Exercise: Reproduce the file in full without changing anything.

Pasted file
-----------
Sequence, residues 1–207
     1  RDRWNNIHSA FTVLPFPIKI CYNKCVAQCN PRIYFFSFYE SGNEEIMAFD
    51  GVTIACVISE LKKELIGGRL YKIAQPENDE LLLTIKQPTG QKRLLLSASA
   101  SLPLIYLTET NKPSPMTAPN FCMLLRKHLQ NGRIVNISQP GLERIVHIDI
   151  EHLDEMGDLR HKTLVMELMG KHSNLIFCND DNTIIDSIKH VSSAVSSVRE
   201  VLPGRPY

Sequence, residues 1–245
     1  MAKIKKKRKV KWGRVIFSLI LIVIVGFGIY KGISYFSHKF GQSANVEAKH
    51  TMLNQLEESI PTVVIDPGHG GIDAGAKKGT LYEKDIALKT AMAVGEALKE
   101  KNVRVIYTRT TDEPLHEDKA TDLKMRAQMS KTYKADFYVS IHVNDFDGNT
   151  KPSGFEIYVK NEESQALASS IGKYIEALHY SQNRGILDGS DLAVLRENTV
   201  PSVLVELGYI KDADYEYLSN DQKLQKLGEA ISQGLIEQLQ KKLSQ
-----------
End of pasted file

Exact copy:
Sequence, residues 1–207
     1  RDRWNNIHSA FTVLPFPIKI CYNKCVAQCN PRIYFFSFYE SGNEEIMAFD
    51  GVTIACVISE LKKELIGGRL YKIAQPENDE LLLTIKQPTG QKRLLLSASA
   101  SLPLIYLTET NKPSPMTAPN FCMLLRKHLQ NGRIVNISQP GLERIVHIDI
   151  EHLDEMGDLR HKTLVMELMG KHSNLIFCND DNTIIDSIKH VSSAVSSVRE
   201  VLPGRPY

Sequence, residues 1–245
     1  MAKIKKKRKV KWGRVIFSLI LIVIVGFGIY KGISYFSHKF GQSANVEAKH
    51  TMLNQLEESI PTVVIDPGHG GIDAGAKKGT LYEKDIALKT AMAVGEALKE
   101  KNVRVIYTRT TDEPLHEDKA TDLKMRAQMS KTYKADFYVS IHVNDFDGNT
   151  KPSGFEIYVK NEESQALASS IGKYIEALHY SQNRGILDGS DLAVLRENTV
   201  PSVLVELGYI KDADYEYLSN DQKLQKLGEA ISQGLIEQLQ KKLSQ